Yours, mine, or ours: Tax-related decision responsibility of married couples
Married couples, Tax decision making
Advances in Taxation
Purpose: Examine tax-related decisions of married couples to determine whether decisions are made jointly or if one spouse dominates the decision. We also examine characteristics related to decision styles. Methodology/approach: Questionnaires completed independently by both the husband and wife. Findings: Nearly 40 percent of the couples make tax decisions jointly, while the remaining couples allow one spouse to dominate tax-related decisions. The results indicate that when one spouse dominates the decisions, it is most often the wife. We also find that couples are more likely to share tax-related decision responsibility jointly when the husband earns significantly more than the wife, when the couple has greater income as a family, and when they are a new couple. Research limitations/implications: Prior research has generally not recognized tax decisions by married couples as a joint decision or attempted to determine whether tax decisions are dominated by the husband or wife. This issue has implications for interpreting research results in light of prior research that has found that tax-related decisions vary significantly by gender. The finding that many couples make joint decisions suggests that an interesting avenue for future research would be to determine the nature of that joint decision making and whether it is collaborative, bargaining, or something else. Originality/value: Prior research on tax-related decisions has not recognized that for approximately 40 percent of tax returns filed, the unit of study is not a single individual but a married couple.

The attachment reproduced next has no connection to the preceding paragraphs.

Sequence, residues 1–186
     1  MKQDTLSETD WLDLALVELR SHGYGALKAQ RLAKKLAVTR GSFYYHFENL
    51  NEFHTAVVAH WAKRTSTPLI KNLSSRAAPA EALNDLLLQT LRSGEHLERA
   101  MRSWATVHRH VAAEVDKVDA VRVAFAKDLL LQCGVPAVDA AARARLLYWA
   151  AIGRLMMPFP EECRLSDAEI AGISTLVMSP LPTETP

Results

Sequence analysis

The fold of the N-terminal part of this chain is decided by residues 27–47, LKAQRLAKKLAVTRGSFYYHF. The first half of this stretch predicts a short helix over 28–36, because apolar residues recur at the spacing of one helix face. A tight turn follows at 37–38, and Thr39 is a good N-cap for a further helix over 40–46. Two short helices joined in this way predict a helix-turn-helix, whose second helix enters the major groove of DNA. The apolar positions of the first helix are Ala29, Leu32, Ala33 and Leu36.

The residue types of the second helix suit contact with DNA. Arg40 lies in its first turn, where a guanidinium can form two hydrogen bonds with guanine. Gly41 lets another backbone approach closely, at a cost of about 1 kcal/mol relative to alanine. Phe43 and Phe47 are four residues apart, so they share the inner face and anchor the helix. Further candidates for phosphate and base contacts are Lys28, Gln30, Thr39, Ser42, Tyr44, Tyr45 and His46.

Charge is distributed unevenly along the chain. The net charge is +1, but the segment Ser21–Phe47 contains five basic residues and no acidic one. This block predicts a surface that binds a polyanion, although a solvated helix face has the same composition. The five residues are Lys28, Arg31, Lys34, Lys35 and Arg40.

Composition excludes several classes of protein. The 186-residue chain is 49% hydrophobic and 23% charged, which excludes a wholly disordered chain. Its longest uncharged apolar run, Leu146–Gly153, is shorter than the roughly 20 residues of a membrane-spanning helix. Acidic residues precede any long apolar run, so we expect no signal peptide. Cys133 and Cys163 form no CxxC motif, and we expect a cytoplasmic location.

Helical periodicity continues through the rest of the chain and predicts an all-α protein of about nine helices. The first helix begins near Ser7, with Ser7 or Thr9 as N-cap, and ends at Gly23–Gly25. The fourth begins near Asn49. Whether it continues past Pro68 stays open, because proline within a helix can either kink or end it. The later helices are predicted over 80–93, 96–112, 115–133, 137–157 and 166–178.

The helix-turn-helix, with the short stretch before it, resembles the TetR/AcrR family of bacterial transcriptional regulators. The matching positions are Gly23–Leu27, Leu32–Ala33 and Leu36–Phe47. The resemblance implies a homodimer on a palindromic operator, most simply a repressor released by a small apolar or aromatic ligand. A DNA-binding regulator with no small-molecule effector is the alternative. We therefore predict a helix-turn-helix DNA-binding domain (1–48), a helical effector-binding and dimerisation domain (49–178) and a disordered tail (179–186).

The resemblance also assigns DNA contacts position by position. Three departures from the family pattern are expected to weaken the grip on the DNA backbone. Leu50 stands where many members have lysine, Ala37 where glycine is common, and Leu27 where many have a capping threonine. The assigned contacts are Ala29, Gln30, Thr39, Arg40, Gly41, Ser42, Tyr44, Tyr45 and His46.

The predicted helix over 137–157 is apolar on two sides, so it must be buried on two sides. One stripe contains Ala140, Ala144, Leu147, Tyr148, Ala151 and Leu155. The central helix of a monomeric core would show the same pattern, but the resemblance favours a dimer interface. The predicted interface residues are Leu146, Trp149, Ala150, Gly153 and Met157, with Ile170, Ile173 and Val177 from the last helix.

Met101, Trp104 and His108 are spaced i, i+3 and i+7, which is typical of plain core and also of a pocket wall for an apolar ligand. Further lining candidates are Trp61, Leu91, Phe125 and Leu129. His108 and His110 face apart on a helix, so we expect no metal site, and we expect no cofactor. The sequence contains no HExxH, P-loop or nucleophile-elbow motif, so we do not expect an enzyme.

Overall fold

Original Publication Date
DOI of published version
Fischer, Carol M.; Rupert, Timothy J.; and Wartick, Martha L., "Yours, mine, or ours: Tax-related decision responsibility of married couples" (2014). Faculty Publications. 1435.